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sample java code needed for UML class associations

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Any sample java code is available for UML class associations like dependency, Aggregation, Composite Aggregation, one to many, many to many, one to one relationships ?
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Most of these concepts can be implemented in a number of different ways. But this has been discussed many times in this forum, so a search should give you access to a fair amount of discussions.

The book "UML for Java Programmers" also contains lots of example code.
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Let's start with a dependency. The dependency is a relationship of use, and typically it is not in the diagrams.

If A---->B that means that a method in A has a parameter of type B, or that a method of A creates an instance of B to some task and then destroy it. There is just a relation of use, there is not permanent relation between A and B. Of course, there are other kind of dependencies, but these are the most common.

I can say there is dependency relationship between MyActionListener and ActionEvent.


An association is a "has a" relationship. It implies that one class retains a long lasting relationship to another object. Most of the times this implies that a class has an attribute ( a field member) which is the type of the second class, then A has a B.

Client objects has permanent relationship with the String objects, because a Client has a name which is of type String.

Of course, the multiplicity implies the relation can be to more than one object.

In this case, as clients has a name, a middle name and a last name, we can have relationship to the String class with a multiplicity of three.


An aggregation is a stronger version of the Association. It is a relation of ownership and this relationship goes beyond lifelines. In this kind of relationship then I say that an A "owns a" B.

Typically this kind of relationship implies that B could be shared with another objects.

Now when you create the Room object you pass 4 Wall objects. Hence I can say that a room owns 4 walls. However, since rooms can share walls, you could use the north wall passed to a room as south wall of another room above this, right?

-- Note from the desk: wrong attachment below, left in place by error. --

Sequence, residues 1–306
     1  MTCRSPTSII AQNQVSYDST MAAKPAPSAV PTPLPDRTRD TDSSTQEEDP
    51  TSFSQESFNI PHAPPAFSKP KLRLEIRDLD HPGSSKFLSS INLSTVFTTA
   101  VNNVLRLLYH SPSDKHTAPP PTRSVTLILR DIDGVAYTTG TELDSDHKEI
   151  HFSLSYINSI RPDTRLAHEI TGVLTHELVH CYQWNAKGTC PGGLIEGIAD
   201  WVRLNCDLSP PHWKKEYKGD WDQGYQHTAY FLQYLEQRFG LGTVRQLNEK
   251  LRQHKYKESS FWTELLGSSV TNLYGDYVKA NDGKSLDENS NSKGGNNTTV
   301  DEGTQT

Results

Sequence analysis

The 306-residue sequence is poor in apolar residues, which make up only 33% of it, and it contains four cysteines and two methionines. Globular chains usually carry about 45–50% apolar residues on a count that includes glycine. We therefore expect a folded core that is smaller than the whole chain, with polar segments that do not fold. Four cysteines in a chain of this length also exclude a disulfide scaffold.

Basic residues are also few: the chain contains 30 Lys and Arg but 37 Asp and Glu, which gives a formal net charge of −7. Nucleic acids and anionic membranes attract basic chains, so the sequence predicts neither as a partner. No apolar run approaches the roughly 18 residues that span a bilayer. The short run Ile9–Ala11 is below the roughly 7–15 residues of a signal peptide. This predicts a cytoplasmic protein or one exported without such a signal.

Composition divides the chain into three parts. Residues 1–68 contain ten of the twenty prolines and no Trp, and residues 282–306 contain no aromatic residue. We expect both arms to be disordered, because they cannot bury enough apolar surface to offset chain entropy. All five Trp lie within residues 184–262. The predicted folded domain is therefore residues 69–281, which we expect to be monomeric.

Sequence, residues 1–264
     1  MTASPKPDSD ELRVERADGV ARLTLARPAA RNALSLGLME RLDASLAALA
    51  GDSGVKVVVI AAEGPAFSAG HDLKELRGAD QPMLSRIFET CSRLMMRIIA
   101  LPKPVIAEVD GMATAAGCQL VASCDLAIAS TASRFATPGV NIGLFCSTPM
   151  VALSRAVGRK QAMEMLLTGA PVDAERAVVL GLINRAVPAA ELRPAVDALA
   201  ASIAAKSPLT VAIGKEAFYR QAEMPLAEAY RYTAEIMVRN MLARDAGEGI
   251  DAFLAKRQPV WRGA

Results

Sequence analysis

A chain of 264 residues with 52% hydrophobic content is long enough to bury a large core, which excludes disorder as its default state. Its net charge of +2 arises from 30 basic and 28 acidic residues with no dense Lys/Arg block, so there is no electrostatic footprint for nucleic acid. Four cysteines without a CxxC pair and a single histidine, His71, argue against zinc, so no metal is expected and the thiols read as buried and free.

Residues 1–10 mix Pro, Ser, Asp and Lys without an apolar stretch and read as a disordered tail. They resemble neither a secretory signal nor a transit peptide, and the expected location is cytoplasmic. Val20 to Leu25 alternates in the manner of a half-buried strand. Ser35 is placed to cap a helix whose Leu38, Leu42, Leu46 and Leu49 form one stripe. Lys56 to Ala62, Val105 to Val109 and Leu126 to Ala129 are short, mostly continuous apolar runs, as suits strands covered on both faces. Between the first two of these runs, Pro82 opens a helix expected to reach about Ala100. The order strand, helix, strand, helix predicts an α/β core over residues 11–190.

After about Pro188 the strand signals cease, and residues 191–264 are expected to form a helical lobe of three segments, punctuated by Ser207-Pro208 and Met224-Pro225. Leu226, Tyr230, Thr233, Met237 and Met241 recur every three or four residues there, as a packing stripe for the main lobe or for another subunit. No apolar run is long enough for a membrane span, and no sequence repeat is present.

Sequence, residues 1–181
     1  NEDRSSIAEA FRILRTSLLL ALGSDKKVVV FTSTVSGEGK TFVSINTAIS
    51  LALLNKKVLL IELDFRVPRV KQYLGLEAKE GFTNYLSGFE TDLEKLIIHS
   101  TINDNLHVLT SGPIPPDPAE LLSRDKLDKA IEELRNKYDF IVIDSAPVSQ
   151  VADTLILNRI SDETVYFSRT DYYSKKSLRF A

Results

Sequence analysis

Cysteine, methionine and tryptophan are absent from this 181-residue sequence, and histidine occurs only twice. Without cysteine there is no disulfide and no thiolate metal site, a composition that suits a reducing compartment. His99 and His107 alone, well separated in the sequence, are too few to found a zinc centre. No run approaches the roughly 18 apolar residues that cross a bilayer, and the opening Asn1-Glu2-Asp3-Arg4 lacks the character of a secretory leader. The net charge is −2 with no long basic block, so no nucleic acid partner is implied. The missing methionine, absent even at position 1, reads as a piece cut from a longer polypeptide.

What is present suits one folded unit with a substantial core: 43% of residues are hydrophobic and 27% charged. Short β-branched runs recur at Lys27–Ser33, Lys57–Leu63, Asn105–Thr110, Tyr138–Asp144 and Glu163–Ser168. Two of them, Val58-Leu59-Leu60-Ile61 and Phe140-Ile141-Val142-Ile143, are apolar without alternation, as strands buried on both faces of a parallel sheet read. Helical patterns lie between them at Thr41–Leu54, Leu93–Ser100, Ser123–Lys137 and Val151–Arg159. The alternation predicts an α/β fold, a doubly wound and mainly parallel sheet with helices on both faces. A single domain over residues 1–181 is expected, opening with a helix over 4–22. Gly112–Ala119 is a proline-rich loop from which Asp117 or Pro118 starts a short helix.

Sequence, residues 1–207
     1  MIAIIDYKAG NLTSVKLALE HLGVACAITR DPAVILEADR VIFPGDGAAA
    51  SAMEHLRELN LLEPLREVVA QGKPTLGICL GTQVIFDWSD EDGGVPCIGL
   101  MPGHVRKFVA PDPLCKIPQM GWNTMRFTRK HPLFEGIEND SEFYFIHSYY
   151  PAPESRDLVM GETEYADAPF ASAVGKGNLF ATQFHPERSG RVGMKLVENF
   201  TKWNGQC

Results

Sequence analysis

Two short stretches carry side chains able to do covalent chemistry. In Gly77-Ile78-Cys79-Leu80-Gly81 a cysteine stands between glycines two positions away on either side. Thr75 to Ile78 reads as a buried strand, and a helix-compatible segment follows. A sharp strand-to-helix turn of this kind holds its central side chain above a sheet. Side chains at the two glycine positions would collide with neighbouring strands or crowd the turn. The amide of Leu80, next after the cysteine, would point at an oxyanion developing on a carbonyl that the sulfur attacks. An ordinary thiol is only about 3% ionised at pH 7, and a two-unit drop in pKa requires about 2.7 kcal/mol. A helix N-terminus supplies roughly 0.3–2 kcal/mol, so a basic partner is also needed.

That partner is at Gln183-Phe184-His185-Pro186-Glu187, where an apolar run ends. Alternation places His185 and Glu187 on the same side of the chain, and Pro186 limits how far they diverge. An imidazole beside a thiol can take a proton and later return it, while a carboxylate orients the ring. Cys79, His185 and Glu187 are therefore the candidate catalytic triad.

In this case, destroying a room object does not imply, necessarily, the destruction of all the wall it owned, because they could be used by another rooms. Hence the relation goes beyond lifelines.

It is the strongest relationship of all. It implies that A is part of B. That means that A is responsible of creating and destroying all instances of B. The lifetime of instance of B depends on the existence of its container object, and the parts are not shared by other objects.

When a car is garbage collected so will their wheels.

As far as I am concerned, the existence of so many types of relations is sometimes confusing to me, but that's the way UML is, very ambiguous.

I hope this helps!
[ April 17, 2006: Message edited by: Edwin Dalorzo ]
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UML for Java Programmers

The book includes, updates (to Java/UML) and expands on some material found in these articles (most recent first):
  • The Craftsman #13: Objects
  • The Craftsman #12: Three Ugly Lines
  • The Craftsman #11: What's main() got to do with it?
  • The Craftsman #10: Dangling Threads (Iterations Unbound)
  • The Craftsman #9: Dangerous Threads
  • The Craftsman #8: Socket Service 3 (Tests are a form of documentation)
  • The Craftsman #7: Mocket to me.
  • The Craftsman #6: Once is not Enough.
  • The Single Responsibility Principle
  • The Liskov Substitution Principle
  • The Interface Segregation Principle
  • The Dependency Inversion Principle
  • The Open Closed Principle

  • [ April 17, 2006: Message edited by: Peer Reynders ]
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